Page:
The acronym most heard in the halls of schools today is “STEM”. It stands for Science, Technology, Engineering and Mathematics. What educators have known for a long time is that it is difficult to create meaningful learning opportunities when academic skills are taught in isolation. STEM brings together math and science in a project based manner, using a variety of technologies, that include high interest purposeful activities. Stafford Technical Center recently received a Program Innovation Grant from the Department of Education that is intended to aid in the development of a pathway for students beginning in the ninth grade at the local high school. Stafford’s goal is to be able to open a new Engineering program in Product Design Robotics in the fall of 2014 for which students will be academically prepared in their ninth and 10th grade years. In future years this could lead to additional engineering programs in areas such as renewable energy. Each of these new programs will involve the active participation of local business and industry as well as higher education.
How does a business partnership with Stafford begin, and how do you and your staff work to sustain it? For instance, how did the programs you work on with GE start?
Each high school day program at Stafford Technical Center has an advisory committee of industry/business leaders. Advisory Committee members help to shape the direction of the program based upon the current and future needs of a highly skilled work force in their industry sector. Half of Stafford’s programs are intended to support students by being a bridge to higher education. Those programs that support students towards careers, programs that do not require a higher education degree, still require further education whether that is in an apprenticeship program or in specific skill training. Our Evening Division supports further education for those that are currently employed.
Focusing on specific industry sectors including health care, transportation and manufacturing, the Stafford Evening Division Program, supports local business and industry through customized training. When skills have been identified by an employer, Evening Division Coordinator Bill Lucci develops a curriculum and creates coursework to meet that identified need. This often results in collaboration between Stafford, Vermont Technical College and a specific business or cluster of businesses. An example of this is our most recent relationship with General Electric. This coming January a new Electronic Technician Program will begin. The program will take place at Stafford in our new fabrication lab with coursework taught by VTC instructors.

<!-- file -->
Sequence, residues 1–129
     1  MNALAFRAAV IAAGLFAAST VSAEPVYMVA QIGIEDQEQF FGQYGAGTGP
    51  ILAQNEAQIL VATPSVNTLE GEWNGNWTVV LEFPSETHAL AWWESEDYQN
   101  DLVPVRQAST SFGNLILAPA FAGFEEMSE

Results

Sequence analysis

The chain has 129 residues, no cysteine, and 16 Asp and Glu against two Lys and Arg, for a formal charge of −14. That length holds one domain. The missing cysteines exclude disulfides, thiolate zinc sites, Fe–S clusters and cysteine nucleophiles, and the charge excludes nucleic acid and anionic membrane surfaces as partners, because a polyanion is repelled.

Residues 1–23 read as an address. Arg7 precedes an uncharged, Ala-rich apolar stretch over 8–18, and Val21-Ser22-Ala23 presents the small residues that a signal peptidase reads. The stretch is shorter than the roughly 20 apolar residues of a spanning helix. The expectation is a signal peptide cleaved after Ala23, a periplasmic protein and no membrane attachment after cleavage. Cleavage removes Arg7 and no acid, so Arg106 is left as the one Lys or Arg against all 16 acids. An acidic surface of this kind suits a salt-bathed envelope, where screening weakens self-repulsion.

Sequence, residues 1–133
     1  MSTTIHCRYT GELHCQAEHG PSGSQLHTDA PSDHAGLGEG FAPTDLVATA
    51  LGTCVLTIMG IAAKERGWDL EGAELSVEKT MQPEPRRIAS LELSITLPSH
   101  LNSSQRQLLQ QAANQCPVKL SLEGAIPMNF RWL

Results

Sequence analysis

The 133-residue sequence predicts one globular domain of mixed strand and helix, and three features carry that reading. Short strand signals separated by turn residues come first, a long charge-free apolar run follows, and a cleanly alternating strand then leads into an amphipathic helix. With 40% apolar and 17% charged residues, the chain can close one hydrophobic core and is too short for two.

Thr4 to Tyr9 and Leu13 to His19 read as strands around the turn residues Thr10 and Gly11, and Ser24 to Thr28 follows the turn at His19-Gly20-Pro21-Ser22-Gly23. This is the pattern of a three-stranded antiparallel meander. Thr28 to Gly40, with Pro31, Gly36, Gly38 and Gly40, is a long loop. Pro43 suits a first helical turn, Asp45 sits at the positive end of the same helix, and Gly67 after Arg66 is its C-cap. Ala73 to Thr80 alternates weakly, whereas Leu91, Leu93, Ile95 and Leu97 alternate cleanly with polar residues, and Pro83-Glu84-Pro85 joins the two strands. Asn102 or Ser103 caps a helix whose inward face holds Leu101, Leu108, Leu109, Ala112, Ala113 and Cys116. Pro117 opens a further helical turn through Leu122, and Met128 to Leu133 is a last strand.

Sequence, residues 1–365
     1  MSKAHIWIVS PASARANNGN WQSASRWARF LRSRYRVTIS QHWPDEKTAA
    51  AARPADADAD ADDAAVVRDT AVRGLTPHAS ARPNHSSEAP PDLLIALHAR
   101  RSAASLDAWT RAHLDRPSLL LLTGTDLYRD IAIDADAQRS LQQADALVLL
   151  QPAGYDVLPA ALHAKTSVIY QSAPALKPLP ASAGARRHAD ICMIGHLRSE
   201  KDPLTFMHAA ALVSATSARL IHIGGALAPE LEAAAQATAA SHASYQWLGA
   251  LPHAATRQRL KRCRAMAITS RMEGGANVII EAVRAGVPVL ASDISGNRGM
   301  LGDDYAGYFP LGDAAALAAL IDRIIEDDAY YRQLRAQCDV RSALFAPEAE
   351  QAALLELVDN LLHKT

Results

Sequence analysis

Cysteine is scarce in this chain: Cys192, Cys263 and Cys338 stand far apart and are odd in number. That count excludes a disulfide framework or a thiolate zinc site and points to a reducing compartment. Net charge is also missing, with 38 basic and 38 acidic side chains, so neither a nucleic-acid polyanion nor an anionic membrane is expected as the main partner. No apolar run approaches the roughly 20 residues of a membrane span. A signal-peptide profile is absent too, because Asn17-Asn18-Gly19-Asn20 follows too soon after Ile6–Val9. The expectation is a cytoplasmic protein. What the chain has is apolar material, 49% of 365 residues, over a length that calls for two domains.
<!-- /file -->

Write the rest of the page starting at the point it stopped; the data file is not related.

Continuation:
Do you think that Stafford Tech’s educational model holds lessons for the education system as a whole?
Every project and activity must have a clear connection to the world we live in. A model that is demonstrating this is the “business in the classroom model”. Most all of Stafford’s programs operate a business. The realities of cash flow, customer satisfaction and requirements of interpersonal and written communication skills take on significant meaning.
Technical centers do particularly well at listening to the customer; businesses, industry, parents and students. We live in a world that changes rapidly. As a school of choice, technical centers must continually redefine our educational mission based upon current economic information. This model of change shapes our actions in the classroom requiring a close relationship between high levels of academic rigor and technical skill attainment.
What are the most important two or three principles that you hold to in your professional life?
Good teachers are an essential ingredient to the success that students enjoy. Nothing can replace the importance of interpersonal relationships in the process of education.
To be successful we must embrace change as a constant in our lives.
Our young people are our greatest resource.
Tell us about a mentor who made a great difference in your life. What did you learn from them, how did they teach, and how does that person figure in your life now?
That’s an easy one. I am fortunate to have great parents. My parents model patience, consistency and compassion, while at the same time making it clear that success requires setting goals and staying dedicated to achieving them.
What aspect of your job gives you the greatest satisfaction or fulfillment?
My greatest satisfaction is seeing the look of pride on the faces of students and their parents as they enjoy the results of work that has been accomplished. Imagine being 17 years old and describing to your class the events of your day that included seeing the birth of a child at RRMC, or watching your video production on the big screen at the Paramount Theater, or giving your parents a tour of the house you just helped to complete on Stafford Lane, or seeing the energy being created by the solar panels you constructed. The list is exciting and endless.
Technical education helps students to develop self confidence that transfers to whatever career a student wishes to pursue.